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that american power and security depends on staying engaged in the world and shaping events that happened far from our shores. we also have still i think a unique role to play in catalyzing international action to deal with challenges that we face. so the first lesson is that we need to resist the temptation to turn inward and a way for the world are you yes, we have to focus on getting our economic house in order and pushing our domestic agenda forward. but we also have to stay engaged in the world to ensure our own prosperity in the future. the second lesson is more tactical and that is as we have come out of the war in the past, typically the defense budget goes through the drawdown and we try to balance too much of the budget on the back of the force and we end up with a hollow force. we cut readiness and modernization disproportionately. we end up with a force that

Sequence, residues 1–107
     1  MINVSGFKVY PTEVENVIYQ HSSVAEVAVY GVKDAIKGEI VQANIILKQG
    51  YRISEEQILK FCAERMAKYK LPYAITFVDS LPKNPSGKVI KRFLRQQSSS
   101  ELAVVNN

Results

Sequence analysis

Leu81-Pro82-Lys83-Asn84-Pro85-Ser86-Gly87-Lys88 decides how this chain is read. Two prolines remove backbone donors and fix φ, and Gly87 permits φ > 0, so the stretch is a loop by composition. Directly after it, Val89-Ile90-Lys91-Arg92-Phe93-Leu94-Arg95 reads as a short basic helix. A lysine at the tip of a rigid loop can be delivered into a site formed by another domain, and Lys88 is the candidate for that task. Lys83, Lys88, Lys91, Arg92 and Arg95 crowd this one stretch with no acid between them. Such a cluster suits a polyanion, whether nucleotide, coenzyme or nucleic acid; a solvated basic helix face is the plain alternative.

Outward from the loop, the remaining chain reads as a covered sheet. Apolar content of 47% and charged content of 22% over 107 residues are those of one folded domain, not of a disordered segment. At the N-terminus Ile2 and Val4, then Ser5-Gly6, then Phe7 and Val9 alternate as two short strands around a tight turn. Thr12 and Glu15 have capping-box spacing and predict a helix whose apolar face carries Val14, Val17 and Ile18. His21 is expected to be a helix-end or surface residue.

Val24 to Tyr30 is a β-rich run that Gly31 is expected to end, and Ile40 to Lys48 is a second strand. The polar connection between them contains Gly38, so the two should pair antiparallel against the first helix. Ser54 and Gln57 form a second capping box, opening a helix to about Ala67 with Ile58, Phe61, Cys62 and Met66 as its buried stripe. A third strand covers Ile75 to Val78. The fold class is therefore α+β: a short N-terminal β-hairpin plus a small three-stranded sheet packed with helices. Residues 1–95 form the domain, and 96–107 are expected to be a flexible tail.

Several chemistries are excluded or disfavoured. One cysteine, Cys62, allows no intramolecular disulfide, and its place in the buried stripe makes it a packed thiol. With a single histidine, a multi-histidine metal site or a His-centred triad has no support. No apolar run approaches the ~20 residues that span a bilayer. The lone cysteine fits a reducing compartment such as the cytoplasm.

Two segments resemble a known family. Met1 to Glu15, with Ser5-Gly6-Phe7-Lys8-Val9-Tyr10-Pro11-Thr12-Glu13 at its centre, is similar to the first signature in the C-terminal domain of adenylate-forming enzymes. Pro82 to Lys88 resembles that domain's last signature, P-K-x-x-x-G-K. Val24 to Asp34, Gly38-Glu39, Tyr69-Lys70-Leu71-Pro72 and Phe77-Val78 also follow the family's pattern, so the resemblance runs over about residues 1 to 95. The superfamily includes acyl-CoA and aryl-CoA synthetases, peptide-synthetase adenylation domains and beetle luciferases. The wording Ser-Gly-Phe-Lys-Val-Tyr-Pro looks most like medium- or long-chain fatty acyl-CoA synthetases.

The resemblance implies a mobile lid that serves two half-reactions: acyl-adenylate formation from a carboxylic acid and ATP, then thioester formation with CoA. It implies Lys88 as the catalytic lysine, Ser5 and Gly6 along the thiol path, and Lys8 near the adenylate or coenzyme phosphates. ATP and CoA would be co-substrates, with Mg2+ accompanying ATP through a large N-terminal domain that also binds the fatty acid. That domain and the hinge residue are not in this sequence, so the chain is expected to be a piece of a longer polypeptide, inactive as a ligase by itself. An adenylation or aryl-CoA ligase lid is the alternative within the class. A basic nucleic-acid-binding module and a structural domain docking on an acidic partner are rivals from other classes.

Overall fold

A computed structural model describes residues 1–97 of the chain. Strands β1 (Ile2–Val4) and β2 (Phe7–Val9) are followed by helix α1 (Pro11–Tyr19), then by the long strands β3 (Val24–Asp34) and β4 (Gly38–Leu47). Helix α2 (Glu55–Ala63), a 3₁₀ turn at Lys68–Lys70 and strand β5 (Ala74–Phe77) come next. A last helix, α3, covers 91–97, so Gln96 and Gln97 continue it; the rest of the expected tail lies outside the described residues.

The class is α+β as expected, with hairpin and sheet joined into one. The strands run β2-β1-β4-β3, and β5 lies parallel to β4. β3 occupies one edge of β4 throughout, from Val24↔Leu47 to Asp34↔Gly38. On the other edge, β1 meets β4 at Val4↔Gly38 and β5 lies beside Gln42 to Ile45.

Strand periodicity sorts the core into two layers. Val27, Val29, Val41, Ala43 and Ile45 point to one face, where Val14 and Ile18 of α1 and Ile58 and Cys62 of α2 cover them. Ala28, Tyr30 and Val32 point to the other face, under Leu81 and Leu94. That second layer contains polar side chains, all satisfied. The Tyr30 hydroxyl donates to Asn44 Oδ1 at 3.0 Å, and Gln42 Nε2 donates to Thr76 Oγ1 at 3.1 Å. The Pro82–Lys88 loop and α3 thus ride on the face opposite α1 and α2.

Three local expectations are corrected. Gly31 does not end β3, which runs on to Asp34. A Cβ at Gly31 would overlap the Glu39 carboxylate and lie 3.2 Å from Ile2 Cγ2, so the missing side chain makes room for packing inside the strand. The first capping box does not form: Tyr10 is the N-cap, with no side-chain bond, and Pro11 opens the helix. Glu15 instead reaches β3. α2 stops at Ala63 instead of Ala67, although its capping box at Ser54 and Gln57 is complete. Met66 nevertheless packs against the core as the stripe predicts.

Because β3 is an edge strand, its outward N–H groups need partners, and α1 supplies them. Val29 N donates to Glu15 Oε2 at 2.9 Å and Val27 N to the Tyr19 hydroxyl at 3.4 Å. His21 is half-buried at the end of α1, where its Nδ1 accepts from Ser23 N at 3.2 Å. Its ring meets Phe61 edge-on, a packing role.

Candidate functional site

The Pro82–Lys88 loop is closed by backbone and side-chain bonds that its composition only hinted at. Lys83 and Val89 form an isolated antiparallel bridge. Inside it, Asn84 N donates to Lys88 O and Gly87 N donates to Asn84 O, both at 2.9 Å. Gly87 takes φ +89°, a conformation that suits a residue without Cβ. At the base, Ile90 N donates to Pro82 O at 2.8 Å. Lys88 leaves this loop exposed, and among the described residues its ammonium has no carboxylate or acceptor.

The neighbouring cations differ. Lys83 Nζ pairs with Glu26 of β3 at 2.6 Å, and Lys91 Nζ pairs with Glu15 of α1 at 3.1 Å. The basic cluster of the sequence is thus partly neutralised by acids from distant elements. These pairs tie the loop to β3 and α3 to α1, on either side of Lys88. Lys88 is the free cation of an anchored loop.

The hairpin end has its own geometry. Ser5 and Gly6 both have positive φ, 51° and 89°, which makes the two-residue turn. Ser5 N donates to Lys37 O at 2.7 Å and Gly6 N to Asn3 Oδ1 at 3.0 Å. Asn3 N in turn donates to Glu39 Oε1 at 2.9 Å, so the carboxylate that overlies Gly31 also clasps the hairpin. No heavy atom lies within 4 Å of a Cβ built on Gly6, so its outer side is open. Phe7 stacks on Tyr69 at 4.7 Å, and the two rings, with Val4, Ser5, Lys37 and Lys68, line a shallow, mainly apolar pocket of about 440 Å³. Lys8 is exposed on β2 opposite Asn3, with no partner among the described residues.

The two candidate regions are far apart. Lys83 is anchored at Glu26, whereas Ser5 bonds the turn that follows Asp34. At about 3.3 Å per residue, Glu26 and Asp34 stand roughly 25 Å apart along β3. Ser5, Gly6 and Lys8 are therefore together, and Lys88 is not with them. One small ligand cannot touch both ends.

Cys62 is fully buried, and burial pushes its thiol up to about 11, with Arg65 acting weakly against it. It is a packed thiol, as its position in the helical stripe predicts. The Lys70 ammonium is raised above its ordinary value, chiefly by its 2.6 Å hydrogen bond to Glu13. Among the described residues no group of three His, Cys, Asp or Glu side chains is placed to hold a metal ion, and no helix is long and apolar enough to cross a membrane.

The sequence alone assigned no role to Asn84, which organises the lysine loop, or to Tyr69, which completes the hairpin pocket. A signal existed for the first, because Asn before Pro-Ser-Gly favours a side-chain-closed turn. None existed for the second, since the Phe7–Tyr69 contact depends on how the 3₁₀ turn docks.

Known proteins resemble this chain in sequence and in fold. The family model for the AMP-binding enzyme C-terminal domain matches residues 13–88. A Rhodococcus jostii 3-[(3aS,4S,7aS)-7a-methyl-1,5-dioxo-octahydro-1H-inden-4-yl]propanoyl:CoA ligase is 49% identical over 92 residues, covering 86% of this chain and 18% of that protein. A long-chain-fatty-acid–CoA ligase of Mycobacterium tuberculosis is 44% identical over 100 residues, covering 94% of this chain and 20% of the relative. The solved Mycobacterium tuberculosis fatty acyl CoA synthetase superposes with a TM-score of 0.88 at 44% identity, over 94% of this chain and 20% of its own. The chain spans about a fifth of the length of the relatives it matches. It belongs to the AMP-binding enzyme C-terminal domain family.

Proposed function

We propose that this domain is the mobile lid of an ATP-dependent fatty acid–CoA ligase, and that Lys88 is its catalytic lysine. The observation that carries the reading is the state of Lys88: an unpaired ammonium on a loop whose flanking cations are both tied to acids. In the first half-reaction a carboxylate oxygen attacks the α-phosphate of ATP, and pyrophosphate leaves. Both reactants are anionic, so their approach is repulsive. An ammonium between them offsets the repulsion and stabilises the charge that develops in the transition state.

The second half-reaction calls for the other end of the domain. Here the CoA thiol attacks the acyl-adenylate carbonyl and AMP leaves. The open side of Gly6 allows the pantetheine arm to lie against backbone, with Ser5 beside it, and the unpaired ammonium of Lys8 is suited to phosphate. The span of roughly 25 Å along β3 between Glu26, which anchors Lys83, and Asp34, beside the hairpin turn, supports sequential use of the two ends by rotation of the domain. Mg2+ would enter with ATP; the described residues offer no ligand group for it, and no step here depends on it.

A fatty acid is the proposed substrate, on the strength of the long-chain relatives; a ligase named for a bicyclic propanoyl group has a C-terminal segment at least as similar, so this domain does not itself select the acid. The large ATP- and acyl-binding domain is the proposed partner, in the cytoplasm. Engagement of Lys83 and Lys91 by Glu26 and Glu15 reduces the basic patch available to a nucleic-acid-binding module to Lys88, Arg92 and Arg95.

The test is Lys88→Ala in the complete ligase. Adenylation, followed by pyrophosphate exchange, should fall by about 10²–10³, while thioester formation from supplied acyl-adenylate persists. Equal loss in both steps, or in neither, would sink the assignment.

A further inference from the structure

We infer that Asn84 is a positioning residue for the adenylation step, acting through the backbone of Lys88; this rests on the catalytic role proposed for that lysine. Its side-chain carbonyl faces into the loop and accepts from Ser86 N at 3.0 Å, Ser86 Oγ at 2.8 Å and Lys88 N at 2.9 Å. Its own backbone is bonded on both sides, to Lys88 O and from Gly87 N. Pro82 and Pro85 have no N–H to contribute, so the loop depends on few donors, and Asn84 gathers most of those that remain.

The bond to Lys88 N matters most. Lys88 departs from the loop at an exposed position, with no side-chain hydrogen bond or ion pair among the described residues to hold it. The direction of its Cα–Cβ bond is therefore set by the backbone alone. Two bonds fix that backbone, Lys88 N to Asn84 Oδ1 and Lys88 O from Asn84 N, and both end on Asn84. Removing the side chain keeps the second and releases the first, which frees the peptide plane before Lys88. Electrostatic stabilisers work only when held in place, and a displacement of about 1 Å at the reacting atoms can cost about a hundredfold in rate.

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really looks good on paper but it does not have the typical buddy that it needs in practice. as i look at this period now particularly with the straitjacket of sequestration and flexibility of these across across-the-board mandated cuts, i'm very worried that we are about to repeat the mistake of calling out the force because we are not able to manage the drawdown in the smart way that we should. in my view we need to be putting much more emphasis on pulling the resources out of an inefficient words defense enterprise and try to maintain and protect readiness and modernization for the future where we can. >> my paper begins with a paragraph that i would like to go over with some.